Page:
An “Intellectual Property” Lesson From A Busker

On Saturday morning, as I sat at 7th Avenue subway station in Brooklyn, waiting for a Q train to take me back home, I noticed a banjo player playing across the tracks from me on the Manhattan-bound platform. The station was noisy as usual, but still, somehow, his urgent strumming and foot stomping (on a percussion device I cannot name) managed to catch my attention. The banjo was insistent and perky, and the beat provided by the foot-drum (there you go, I named it myself), combined with it to produce an oddly compelling rhythm. As befitting a subway busker, his instrument case sat open next to him, awaiting small change and rumpled bills. I thought of making a contribution, and sighed, “If only I wasn’t going the wrong way; I’d have given him some cash; I’ve got a train to catch.” And then, bizarrely, another voice spoke: “Fool! You’ve blathered on so much about voluntary contributions underwriting new economic paradigms for supporting artists in a world free of onerous “intellectual property” regimes, and you won’t cross the tracks to stick a bill in a busking bowl?”

So I got up, checked to see if a train was coming, ran up the stairs, across the divider, down the stairs, up to a startled banjo player, threw in a dollar bill (there seemed to be a few more of them in there), and ran back up the stairs back to my platform. The homeward-bound Q train pulled in, and a dollar poorer, I headed home.

7 comments on “An “Intellectual Property” Lesson From A Busker

  1. Noor Alam says:

    Ok,that’s impressive, I hope the guy saw that you appreciated him enough to sprint up the stairs!

  2. Samir Chopra says:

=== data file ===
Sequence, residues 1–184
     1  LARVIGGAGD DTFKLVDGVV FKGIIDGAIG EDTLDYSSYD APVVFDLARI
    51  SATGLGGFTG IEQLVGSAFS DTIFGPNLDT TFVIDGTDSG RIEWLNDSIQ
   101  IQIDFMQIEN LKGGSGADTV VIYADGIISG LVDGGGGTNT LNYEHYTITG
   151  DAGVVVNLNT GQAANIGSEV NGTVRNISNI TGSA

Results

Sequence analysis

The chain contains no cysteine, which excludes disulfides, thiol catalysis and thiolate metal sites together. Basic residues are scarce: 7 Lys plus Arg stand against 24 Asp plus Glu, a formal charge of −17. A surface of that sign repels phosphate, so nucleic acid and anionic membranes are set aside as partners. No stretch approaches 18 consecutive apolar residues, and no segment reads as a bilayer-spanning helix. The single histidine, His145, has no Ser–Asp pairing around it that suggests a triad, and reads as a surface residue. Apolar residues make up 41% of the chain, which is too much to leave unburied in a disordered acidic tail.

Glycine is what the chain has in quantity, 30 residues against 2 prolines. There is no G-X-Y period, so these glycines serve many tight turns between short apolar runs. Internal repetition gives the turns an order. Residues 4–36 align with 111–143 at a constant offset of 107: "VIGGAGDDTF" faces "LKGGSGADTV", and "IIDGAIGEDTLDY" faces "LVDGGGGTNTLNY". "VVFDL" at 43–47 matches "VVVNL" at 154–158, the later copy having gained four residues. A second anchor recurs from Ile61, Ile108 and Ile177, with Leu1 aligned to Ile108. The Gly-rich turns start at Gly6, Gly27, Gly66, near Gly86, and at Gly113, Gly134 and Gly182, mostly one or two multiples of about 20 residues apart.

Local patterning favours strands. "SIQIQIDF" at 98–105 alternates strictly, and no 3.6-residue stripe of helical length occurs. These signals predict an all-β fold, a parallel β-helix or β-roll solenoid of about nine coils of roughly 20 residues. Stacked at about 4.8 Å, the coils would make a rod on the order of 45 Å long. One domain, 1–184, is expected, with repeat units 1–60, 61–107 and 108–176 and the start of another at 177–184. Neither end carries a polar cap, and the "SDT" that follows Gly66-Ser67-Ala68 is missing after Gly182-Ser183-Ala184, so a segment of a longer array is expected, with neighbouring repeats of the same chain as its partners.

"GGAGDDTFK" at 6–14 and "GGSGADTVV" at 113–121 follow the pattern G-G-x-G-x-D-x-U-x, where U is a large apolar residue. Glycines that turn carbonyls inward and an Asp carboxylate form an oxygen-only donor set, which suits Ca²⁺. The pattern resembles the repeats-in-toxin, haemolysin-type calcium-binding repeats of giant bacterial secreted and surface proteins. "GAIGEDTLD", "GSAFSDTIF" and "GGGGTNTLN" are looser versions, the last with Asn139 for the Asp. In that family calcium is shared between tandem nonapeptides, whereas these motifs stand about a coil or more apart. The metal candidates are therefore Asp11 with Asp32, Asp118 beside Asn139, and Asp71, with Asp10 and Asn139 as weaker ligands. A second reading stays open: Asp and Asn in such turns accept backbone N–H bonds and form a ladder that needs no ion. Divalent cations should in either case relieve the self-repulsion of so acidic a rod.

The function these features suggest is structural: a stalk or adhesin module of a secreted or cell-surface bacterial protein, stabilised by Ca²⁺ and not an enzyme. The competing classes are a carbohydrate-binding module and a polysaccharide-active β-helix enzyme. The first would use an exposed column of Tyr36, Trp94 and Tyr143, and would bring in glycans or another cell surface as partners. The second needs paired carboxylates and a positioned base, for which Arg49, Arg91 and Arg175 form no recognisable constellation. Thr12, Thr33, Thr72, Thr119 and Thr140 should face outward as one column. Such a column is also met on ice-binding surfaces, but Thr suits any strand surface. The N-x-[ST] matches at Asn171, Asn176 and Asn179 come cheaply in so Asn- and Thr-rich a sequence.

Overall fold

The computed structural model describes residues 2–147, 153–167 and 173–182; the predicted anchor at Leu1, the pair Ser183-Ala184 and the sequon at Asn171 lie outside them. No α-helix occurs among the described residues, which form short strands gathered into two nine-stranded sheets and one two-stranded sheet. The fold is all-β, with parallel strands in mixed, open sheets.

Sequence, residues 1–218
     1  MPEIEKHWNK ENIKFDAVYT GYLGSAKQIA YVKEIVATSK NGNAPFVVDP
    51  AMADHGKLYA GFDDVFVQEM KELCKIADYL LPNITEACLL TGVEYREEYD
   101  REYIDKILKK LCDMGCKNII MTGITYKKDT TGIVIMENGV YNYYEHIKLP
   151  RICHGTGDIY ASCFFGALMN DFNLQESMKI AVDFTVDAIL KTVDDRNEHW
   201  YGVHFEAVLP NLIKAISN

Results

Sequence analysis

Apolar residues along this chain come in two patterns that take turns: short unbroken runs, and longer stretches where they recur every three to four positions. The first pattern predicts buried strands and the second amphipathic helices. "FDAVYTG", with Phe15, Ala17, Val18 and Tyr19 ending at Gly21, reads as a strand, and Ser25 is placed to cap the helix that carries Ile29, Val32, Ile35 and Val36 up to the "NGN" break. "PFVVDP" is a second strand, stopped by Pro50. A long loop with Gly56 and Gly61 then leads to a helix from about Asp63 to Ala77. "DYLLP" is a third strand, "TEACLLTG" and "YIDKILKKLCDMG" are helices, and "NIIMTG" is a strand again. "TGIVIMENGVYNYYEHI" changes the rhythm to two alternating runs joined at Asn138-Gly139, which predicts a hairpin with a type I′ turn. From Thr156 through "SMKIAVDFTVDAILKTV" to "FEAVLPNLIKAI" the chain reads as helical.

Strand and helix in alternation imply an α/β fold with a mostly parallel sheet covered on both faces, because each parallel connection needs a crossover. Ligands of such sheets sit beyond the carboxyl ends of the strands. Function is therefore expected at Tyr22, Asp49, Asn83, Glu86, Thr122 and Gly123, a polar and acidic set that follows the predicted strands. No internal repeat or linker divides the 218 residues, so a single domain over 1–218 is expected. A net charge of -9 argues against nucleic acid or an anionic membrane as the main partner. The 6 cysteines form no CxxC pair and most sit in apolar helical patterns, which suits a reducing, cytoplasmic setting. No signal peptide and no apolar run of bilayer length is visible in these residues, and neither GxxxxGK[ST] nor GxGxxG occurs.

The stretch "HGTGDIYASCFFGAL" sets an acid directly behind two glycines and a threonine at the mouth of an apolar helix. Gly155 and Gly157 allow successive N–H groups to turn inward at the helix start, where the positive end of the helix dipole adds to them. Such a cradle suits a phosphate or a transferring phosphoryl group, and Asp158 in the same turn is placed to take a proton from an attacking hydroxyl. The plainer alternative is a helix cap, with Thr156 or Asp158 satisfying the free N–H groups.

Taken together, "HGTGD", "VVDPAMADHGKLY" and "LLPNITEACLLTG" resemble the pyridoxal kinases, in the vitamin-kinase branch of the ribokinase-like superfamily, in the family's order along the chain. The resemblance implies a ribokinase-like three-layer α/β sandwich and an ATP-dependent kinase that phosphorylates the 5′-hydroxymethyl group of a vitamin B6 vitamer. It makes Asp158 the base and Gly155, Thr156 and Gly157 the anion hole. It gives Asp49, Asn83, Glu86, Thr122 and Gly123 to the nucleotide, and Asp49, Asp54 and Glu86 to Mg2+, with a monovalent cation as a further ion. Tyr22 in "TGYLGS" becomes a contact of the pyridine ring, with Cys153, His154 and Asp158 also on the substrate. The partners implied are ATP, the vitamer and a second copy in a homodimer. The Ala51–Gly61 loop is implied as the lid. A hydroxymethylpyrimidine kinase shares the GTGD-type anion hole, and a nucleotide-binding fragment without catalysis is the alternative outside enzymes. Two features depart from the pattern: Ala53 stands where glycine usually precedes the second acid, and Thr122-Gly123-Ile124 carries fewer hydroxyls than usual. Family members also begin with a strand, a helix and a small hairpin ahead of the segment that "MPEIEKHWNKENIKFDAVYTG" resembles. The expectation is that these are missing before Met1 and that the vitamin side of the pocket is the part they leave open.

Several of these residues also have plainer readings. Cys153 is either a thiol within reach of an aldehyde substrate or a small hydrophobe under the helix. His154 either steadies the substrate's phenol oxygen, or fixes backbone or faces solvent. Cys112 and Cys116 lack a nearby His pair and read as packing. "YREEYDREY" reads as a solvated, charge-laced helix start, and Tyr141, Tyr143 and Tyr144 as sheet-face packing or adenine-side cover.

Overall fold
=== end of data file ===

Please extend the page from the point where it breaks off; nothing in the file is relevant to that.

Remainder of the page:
I’m not sure he noticed. But that’s OK. I was feeling much better – thanks to the short run and the donation!

    • Saw Lady says:

      Thank you very much for your kindness!
      I am not that banjo player, but I busk in the subway (I play the musical saw ) and I know how a gesture such as yours can “make the day” of a busker. Of course the money is greatly appreciated, but the fact that you went out of your way is something the busker will keep thinking about – it gladdens the heart. It’s people like you who make the experience of busking in NYC such a nice one.

      • Samir Chopra says:

        Saw Lady,

        Thank you for your comment, and for the YouTube link. Nice work! I hope to see you in the subway world one of these days; if I do, I will stop and say hi!

        Buskers have often gladdened my heart as I wait for a train; it’s the least I could do.

  3. Luthor says:

    the important thing is that the donation was based on merit, not pity.

  4. […] many subway buskers. I’ve taken many moods and preoccupations with me into subway stations; the subway buskers have often found, without needing to communicate explicitly with me, the right no…. Sometimes, I find my mood lifted by the sheer performative brio of a busker, sometimes I smile […]

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